Should I Talk to an Attorney Before I Talk with My Employer?
We always recommend that an employee seek legal advice before talking about an issue with his or her employer. It’s important to know what rights you have and what rights you don’t have. Whether you have a legitimate claim, or a non-actionable gripe with your employment may be a fine line.
It’s helpful to be able to get legal advice and consultation from an attorney so you know where you are on the matter, what claims are going to protect you from potential retaliation, or what retaliation might be illegal if you complain about something, and what claims won’t protect you.
There may also be certain situations where an employee goes to complain to an employer but he or she is not complaining in the right way to provide the proper legal protections under the law. For instance, if you’re complaining about a certain issue that falls under the Whistleblower Protection Act, there are certain requirements that you have to fulfill in those complaints to make sure that you’re stating those protections under this act.
Additionally, there might be certain people you should speak to at your company regarding your complaints, in order to give you the legal protections you need. For instance, a supervisor and a manager may be sufficient to complain to in some circumstances, whereas in other situations, your complaint may need to go to the CEO or the City Manager, for instance, to provide you with those sorts of protections. So it’s always important to know what your rights are, what you can expect to get as a result of your complaints, and also what kind of behavior by an employer after you complain may be prohibited and what might not be.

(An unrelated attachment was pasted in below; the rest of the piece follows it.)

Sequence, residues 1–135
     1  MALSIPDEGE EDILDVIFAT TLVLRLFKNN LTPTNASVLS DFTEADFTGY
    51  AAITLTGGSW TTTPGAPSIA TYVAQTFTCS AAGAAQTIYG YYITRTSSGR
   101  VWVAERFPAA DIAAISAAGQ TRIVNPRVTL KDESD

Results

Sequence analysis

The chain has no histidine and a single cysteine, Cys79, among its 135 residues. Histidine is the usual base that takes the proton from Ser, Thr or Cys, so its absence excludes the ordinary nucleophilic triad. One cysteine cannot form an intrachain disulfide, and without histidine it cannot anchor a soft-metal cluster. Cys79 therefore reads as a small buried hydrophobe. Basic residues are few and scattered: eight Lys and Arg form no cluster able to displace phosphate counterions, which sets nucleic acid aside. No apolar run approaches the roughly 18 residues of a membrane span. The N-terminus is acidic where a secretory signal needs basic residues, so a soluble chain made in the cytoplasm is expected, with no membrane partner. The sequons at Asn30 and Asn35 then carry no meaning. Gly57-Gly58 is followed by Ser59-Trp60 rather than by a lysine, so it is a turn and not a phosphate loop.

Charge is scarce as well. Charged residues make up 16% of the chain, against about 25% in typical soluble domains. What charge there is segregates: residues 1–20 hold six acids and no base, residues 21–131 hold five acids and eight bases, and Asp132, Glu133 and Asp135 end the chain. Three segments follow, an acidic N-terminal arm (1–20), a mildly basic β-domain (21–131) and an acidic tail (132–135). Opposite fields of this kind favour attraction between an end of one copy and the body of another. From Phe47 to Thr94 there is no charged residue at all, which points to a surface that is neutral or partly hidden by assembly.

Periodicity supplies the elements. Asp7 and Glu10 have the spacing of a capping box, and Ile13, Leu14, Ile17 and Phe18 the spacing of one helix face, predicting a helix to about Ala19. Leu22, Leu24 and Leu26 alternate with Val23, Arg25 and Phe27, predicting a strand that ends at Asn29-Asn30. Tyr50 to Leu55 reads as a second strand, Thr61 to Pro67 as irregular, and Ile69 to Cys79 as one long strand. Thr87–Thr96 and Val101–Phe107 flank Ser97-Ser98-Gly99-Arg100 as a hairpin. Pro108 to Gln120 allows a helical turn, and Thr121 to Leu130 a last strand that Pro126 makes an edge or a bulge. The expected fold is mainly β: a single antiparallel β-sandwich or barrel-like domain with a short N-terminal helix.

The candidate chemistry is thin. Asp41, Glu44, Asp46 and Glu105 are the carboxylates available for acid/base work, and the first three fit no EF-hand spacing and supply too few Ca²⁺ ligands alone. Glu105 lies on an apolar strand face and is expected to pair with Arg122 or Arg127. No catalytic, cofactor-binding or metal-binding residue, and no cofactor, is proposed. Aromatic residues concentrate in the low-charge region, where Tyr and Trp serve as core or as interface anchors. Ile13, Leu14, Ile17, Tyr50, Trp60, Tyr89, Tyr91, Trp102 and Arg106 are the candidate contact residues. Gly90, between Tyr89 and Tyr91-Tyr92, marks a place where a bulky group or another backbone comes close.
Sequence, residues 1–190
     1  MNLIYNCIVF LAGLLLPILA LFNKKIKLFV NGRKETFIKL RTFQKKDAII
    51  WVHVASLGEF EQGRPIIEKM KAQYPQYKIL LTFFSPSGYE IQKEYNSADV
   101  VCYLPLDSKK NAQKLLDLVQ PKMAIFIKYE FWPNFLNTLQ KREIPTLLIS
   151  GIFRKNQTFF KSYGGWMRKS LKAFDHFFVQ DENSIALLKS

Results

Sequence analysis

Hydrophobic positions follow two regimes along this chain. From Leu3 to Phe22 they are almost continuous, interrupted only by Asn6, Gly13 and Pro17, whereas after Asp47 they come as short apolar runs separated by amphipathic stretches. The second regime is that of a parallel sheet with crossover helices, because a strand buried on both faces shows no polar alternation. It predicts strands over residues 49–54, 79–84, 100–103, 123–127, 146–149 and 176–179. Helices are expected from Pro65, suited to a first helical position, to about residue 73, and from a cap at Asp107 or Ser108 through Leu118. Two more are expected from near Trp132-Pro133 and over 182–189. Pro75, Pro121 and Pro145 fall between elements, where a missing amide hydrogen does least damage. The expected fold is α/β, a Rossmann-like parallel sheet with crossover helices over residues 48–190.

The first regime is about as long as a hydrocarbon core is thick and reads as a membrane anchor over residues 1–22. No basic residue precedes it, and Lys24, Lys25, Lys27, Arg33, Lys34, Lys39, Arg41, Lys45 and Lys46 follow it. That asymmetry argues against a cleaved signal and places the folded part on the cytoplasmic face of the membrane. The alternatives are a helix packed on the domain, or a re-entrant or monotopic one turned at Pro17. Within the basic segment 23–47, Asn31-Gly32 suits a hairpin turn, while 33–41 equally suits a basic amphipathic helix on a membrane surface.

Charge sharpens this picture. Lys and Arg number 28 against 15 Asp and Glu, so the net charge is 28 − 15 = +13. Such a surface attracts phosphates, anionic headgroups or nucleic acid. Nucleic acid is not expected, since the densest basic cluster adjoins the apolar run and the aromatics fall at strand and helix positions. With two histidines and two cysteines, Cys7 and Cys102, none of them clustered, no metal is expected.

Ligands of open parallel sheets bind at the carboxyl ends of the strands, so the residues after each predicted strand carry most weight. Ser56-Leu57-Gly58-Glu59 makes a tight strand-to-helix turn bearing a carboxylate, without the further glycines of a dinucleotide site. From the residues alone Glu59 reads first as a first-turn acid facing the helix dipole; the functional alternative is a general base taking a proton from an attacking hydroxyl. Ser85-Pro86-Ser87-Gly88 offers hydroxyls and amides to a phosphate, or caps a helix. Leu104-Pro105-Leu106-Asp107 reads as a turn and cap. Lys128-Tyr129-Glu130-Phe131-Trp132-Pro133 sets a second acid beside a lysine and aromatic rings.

Even if you’re not intending on moving forward with litigation or if you’re not intending on escalating the matter any further, it is still important to protect your right by getting that consultation with an employment attorney so you know the confines of what might be protected and what isn’t under the law.
With all of that being said, it’s important to note that under Florida law, you don’t always have a right to have an attorney with you during the time you’re speaking with an employer. However, it’s still important to get a consultation to know what your rights are and to know if you have the right to have an attorney or a witness present. If, for instance, you refuse to speak with your employer until you have the opportunity to have an attorney present when you don’t in fact have that right, that in and of itself could potentially be grounds for insubordination, even separate from whatever you’re complaining about. If you make this demand to your employer when you don’t have the right, you could be considered insubordinate and it could potentially lead to termination even in the face of a valid complaint.
Therefore, you want to make sure that you’re complaining the right way and that you know your rights about:
- When you can complain
- To whom you can complain
- Or who can be present during the time that you’re speaking with your employer
This is why we always recommend that you seek legal advice before approaching your employer with a dispute. To speak with one of our employment attorneys, fill out the form below or call us today.